Iran and Russia begin joint naval drill in Indian Ocean

Exercise is 2nd of its kind since 2019, when the 2 countries were joined by China; comes among other moves perceived as pressure on US

In this photo released Feb. 16, 2021, by the Iranian army, a Russian warship enters Iranian waters for a joint naval exercise with the Iranian navy and Iran's Revolutionary Guard navy (Iranian Army via AP)
In this photo released Feb. 16, 2021, by the Iranian army, a Russian warship enters Iranian waters for a joint naval exercise with the Iranian navy and Iran's Revolutionary Guard navy (Iranian Army via AP)

The Iranian and Russian militaries have kicked off a joint naval drill in the Indian Ocean aimed at boosting security of maritime trade in the region, Iran’s state TV reported on Tuesday.

The TV said units from Iran’s Navy and the powerful Revolutionary Guard’s navy will take part in the exercise dubbed “Iran-Russia Maritime Security Belt 2021” in the northern part of Indian Ocean, spanning a stretch of about 17,000 kilometers (10,600 miles).

According to Iranian Adm. Gholamreza Tahani, the drill spokesman, a Russian destroyer, logistics ship and a helicopter were to participate in the drill. This is the second such joint Russia-Iran exercise since 2019, when the two nations plus China held a four-day exercise.

Tehran has been seeking to step up military cooperation with Beijing and Moscow amid regional tensions with the United States. Visits to Iran by Russian and Chinese naval representatives have also increased in recent years.

In this photo released Feb. 16, 2021, by the Iranian army, a Russian commander, stands during a welcoming ceremony for a joint naval exercise with the Iranian navy and Iran’s Revolutionary Guard navy (Iranian Army via AP)

In the last few months, Iran has stepped up military drills as the country tries to pressure US President Joe Biden over the JCPOA nuclear accord, which he has said America could reenter.

Last Thursday, Iran’s Revolutionary Guard conducted a ground forces drill near the border with Iraq in which drones, helicopters and military tanks were used.

In January the Guard conducted a drill and launched anti-warship ballistic missiles at a simulated target in the Indian Ocean.

In this photo released on January 15, 2021, by the Iranian Revolutionary Guard, missiles are launched in a drill in Iran. Iran’s paramilitary Revolutionary Guard forces on Friday held a military exercise involving ballistic missiles and drones in the country’s central desert, state TV reported, amid heightened tensions over Tehran’s nuclear program and a US pressure campaign against the Islamic Republic. (Iranian Revolutionary Guard/Sepahnews via AP)

A week before that, Iran’s navy fired cruise missiles as part of a naval drill in the Gulf of Oman, state media reported, under surveillance of what appeared to be a US nuclear submarine. That came after speedboats paraded in the Persian Gulf and a massive drone exercise across the country.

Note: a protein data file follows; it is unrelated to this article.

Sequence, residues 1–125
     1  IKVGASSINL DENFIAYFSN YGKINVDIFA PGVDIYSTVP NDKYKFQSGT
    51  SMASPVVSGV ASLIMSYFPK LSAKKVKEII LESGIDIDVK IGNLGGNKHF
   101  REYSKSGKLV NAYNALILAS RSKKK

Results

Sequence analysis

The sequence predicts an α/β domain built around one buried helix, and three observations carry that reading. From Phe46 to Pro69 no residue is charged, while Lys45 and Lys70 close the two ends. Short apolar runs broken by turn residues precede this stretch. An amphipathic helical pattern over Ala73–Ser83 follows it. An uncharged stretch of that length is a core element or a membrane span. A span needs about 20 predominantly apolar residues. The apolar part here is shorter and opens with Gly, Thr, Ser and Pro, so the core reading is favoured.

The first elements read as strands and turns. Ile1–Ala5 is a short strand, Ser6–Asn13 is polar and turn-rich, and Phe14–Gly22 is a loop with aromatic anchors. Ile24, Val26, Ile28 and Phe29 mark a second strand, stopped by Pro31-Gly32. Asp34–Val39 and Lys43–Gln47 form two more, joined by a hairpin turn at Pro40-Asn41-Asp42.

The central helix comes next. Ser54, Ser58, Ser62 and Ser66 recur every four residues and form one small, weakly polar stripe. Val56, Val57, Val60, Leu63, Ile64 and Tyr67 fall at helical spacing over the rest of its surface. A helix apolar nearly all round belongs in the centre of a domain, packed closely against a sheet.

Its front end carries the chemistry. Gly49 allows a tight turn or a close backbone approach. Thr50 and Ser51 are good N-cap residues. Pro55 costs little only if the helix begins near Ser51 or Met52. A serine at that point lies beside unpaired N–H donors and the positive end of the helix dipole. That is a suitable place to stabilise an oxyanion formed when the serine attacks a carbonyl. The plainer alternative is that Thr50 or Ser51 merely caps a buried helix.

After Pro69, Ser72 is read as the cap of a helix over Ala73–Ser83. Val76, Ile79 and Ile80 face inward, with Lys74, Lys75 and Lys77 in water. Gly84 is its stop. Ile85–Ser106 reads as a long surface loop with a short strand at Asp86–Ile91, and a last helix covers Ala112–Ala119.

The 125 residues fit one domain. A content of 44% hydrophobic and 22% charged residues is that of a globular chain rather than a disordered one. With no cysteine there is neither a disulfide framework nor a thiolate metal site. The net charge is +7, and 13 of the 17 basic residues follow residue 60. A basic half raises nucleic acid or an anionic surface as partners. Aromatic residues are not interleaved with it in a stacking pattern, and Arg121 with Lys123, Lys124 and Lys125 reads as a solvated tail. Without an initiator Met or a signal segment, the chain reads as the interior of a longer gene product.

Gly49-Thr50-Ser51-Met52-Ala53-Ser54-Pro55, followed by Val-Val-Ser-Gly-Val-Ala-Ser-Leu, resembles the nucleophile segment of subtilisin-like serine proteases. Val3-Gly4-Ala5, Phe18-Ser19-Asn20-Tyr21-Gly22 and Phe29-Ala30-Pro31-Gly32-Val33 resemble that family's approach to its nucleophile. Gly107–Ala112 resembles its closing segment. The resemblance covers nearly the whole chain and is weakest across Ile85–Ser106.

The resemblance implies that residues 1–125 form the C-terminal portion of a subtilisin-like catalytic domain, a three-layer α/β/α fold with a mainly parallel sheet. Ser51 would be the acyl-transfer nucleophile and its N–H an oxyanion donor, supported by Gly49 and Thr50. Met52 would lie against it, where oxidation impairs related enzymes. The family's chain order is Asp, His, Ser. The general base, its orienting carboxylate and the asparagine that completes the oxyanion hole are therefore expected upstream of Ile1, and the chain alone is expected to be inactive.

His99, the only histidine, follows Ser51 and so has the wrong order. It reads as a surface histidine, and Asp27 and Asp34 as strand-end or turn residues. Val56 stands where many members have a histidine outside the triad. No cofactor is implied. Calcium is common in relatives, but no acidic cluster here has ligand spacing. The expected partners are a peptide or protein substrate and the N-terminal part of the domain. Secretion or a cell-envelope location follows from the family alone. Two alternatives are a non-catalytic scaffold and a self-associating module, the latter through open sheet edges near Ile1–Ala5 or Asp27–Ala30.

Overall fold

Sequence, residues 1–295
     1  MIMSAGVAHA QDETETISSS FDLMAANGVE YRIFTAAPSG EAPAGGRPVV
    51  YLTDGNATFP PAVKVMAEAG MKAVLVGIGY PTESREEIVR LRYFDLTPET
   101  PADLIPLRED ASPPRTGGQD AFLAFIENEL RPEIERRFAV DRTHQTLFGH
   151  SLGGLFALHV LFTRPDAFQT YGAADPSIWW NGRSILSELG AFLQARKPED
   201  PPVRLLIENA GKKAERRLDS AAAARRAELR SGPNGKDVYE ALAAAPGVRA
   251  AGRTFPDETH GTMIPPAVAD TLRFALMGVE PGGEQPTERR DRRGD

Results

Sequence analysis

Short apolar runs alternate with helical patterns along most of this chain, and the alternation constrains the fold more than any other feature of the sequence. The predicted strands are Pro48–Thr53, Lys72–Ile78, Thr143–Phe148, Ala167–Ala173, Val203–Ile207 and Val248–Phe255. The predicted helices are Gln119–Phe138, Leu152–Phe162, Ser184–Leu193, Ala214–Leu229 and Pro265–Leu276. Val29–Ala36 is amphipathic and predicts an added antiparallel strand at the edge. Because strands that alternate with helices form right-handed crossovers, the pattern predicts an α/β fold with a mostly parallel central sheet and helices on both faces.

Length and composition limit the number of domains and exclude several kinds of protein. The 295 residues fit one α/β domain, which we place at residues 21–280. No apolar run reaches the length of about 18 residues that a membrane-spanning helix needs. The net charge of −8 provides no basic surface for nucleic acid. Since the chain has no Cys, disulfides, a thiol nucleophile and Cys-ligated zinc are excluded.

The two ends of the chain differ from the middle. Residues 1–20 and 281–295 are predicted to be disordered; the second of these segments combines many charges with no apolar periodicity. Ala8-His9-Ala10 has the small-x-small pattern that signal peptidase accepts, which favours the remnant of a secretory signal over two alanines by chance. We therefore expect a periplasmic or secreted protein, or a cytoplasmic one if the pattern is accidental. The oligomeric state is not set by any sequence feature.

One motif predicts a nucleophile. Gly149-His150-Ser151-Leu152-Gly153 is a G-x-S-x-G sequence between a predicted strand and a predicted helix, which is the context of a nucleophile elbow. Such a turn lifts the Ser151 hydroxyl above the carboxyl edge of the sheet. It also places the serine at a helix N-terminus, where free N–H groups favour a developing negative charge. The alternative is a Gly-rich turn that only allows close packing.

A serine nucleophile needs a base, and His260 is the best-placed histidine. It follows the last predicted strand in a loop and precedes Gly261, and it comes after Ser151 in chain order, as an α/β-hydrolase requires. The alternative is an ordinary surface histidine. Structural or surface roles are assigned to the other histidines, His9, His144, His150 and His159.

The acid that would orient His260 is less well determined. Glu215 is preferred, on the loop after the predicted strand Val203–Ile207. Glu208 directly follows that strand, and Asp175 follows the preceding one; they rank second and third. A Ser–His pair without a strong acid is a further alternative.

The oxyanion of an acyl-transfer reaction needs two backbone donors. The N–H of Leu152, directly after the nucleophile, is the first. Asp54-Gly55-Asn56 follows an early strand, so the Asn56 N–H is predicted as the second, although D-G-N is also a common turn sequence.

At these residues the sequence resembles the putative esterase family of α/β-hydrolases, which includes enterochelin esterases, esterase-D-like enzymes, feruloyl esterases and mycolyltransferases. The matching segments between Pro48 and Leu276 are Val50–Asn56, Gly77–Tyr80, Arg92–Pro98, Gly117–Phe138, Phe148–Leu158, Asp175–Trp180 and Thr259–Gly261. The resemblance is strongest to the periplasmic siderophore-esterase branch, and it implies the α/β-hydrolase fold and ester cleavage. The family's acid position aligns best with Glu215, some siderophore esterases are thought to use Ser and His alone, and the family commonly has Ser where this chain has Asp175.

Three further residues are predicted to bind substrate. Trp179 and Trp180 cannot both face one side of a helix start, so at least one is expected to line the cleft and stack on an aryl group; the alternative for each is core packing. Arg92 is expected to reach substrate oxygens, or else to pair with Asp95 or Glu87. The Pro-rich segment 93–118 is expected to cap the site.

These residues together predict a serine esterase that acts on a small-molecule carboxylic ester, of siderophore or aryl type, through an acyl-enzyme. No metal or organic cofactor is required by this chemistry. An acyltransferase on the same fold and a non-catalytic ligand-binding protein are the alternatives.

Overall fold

The latest drill came the day after Iran reiterated its warning that it would halt certain nuclear inspections if other parties to the 2015 deal limiting the country’s atomic program “fail to meet their obligations” by February 21.

Iran’s envoy to the International Atomic Energy Agency said the UN watchdog was informed of the move.

Earlier this month, the Wall Street Journal reported that United Nations nuclear inspectors found traces of radioactive material at Iranian nuclear sites that could indicate work on nuclear weapons.

In this August 20, 2010, photo, an Iranian security guard walks past a gate of the Bushehr nuclear power plant as its reactor building is seen in background, just outside the city of Bushehr 750 miles (1,245 kilometers) south of the capital Tehran, Iran. (AP Photo/Vahid Salemi)

Last month, Tehran announced it was beginning to enrich uranium up to 20 percent — far beyond the 3.5% permitted under the nuclear deal, and a relatively small technical step away from the 90% needed for a nuclear weapon. The UN’s atomic agency confirmed this month that Iran has produced a small amount of uranium metal, a material that technically has civilian uses, but is seen as another likely step toward a nuclear bomb.

The known breaches came as the landmark 2015 deal between Iran and world powers, limiting Tehran’s nuclear program in exchange for international sanctions relief, is hanging by a thread.

Former US president Donald Trump withdrew from the accord in 2018 and reimposed sanctions on Tehran, with Iran a year later gradually suspending its compliance with most key nuclear commitments in response.

The Biden administration has expressed willingness to return to the deal, but insisted that Iran first resume full compliance, while Tehran has called for the immediate lifting of sanctions. Prime Minister Benjamin Netanyahu has been a leading critic of the agreement, which was reached when Biden was vice president, and warned against reengaging with Tehran on the accord.

The UN’s atomic agency said last week its inspectors have confirmed that Iran has begun the production of uranium metal.

The Vienna-based International Atomic Energy Agency (IAEA) said in a statement that on February 8, it “verified 3.6 grams of uranium metal at Iran’s Fuel Plate Fabrication Plant in Esfahan.”

Uranium metal can be used as a component in nuclear weapons. Iran had signed up to a 15-year ban on “producing or acquiring plutonium or uranium metals or their alloys” under the so-called Joint Comprehensive Plan of Action (JCPOA) signed in 2015 with world powers.

Recent known Iranian breaches have included exceeding the stockpile limit on enriched uranium, enriching beyond the permitted purity level and using more advanced centrifuges than permitted under the deal.

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